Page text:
Parenting Matters: The importance of dads

There are many books and articles written about the importance of mom. Most people agree that moms are of critical importance in raising children. Maybe dads seem less important because most books talk about moms. The important lesson is to remember, dads have a very important role in the successful raising of children.

I would have to say that I am part of the group who have a tendency to write articles about moms and not dads. Actually, I wish that we did not have such a major division between “he” and “she,” because much of what is said about “she” can also be said about “he.”

When I have tried to alternate between he and she, I find it gets awkward. Yes, I believe that the roles of mom and dad are different but I also believe they are both incredibly significant. None of this means that I in any way believe the role of dad is any less significant than the role of mom.

The main thing about the significance of these two roles is how you as a dad feels about your role. Your children believe you are important. That counts. We even know that a child’s IQ increases when dad is involved. T. Berry Brazelton has written that with the father’s involvement, “a child is more likely to have a sense of humor, to develop a sort of inner excitement, to believe in himself or herself, to be more motivated to learn” (“The Earliest Relationship: Parents, Infants, and the Drama of Early Attachment,” T. Berry Brazelton and Bertrand Cramer, Addison Wesley, 1990).

That is a lot of positive about a father’s role. The opposite of that is research that finds a direct correlation between the absence of a father and higher aggression behavior in sons, sexually precocious behavior in daughters and more rigid sex stereotypes in children of both sexes.

Fathers who are actively involved with their children are more likely to be happily married and even more likely to advance in their careers. Research has even found that “being a father can change the ways that men think about themselves” (Ross D. Parke, “Fathers,” Harvard University Press, 1996).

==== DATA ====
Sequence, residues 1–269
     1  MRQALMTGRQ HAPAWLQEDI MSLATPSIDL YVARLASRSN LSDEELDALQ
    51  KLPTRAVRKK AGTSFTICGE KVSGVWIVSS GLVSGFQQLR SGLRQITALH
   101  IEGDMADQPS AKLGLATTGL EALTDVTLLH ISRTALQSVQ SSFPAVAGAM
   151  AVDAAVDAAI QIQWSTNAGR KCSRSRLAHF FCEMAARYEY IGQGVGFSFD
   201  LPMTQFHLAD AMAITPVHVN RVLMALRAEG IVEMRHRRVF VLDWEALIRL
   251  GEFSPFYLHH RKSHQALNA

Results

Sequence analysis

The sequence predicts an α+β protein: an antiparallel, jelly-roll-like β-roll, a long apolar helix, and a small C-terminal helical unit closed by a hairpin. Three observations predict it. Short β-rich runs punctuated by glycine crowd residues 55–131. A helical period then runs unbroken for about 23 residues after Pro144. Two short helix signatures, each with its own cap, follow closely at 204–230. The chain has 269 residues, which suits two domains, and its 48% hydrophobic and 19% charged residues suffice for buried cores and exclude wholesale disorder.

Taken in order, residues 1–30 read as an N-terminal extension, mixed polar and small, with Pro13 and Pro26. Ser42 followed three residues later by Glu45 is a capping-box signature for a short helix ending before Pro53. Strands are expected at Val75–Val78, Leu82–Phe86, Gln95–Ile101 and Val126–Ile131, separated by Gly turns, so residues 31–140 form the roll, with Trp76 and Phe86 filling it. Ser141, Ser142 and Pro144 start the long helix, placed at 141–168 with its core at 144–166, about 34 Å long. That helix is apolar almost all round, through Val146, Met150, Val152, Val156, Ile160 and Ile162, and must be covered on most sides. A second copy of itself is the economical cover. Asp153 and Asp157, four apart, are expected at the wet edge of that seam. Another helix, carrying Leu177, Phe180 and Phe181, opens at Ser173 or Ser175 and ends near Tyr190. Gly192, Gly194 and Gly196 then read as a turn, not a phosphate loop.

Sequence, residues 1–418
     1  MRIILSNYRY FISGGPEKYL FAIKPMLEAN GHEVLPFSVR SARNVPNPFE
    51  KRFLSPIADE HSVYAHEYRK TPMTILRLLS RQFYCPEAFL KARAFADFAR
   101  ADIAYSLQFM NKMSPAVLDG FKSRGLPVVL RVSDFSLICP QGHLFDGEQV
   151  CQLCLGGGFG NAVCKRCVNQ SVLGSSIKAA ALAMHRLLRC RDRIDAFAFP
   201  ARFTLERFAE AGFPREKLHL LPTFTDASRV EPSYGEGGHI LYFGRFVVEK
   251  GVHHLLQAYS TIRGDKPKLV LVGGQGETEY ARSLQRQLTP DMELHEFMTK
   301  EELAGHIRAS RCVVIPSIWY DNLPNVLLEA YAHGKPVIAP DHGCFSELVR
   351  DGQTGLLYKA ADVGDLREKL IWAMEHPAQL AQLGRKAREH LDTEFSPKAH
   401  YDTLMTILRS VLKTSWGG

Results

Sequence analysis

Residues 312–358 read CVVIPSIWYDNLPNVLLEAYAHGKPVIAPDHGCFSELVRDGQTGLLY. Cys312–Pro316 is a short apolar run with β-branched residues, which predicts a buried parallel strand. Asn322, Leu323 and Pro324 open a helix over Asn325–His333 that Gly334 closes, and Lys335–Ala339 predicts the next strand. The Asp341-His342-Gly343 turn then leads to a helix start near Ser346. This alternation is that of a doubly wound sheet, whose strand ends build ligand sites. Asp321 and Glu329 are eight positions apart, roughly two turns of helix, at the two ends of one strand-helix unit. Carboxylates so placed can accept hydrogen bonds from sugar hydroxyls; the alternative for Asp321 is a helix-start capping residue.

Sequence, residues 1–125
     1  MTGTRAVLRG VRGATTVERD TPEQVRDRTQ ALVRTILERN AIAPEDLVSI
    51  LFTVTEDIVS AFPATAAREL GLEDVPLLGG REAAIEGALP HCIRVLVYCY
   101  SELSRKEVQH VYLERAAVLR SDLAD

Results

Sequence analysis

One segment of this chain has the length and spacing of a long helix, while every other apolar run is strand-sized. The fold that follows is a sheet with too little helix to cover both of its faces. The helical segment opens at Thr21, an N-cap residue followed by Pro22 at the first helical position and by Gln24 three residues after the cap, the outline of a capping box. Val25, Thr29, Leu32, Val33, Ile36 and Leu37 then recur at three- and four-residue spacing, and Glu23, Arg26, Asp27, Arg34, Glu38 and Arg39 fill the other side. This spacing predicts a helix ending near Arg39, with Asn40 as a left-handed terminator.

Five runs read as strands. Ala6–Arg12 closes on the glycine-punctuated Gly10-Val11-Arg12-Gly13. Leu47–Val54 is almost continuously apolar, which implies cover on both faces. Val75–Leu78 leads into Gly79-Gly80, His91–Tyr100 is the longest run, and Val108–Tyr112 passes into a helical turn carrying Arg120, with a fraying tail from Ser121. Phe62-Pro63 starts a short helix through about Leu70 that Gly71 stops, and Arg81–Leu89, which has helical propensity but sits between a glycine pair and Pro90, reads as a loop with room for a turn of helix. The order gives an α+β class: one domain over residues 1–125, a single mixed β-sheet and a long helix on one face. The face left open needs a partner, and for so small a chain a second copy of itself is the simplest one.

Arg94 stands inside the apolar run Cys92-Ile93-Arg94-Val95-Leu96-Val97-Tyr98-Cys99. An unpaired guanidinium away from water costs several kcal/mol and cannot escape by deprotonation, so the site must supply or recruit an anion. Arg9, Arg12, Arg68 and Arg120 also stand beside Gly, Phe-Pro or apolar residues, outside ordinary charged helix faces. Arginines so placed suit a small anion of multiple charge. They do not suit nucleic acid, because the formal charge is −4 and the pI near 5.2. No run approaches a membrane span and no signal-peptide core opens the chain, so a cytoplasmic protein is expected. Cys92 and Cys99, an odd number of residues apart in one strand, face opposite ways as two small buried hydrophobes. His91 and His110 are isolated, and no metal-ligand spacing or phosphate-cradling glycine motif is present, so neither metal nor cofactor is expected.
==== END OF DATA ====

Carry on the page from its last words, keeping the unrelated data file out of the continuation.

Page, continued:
Research has even found that fathers can learn from their children and be matured by them.

When men are involved with their children it is also good for their marriage and for their partner. The more support moms get from their husbands, the happier they are in their marriage. This helps men be happier themselves. This is a lot to have happen by being an involved father.

So what does your involvement mean? It means you are involved in the earliest days of your baby’s life. You talk with her. You read stories to him even when he is a baby. When your baby cries you go find out what is wrong with her and help make things right.

When your spouse is making dinner, you entertain him or even feed him. You take her for rides and talk about what you see. You play games with him as he grows. You give her baths at night before bed. You put him to bed with a story or a new book. You comfort her when she gets hurt. You reassure him when his feelings are hurt.

Basically, you do everything for your child that your partner does. Dad’s role is not a lot different than mother’s role.

You need to be an involved and caring parent. Enjoy this special role you are in. How you handle all this helps determine how your child will turn out. That is a worthwhile role.

Cynthia Martin is the founder of the First Teacher program and former executive director of Parenting Matters Foundation, which publishes newsletters for parents, caregivers and grandparents. To reach interim First Teacher Executive Director Patty Waite, email or call 360-681-2250.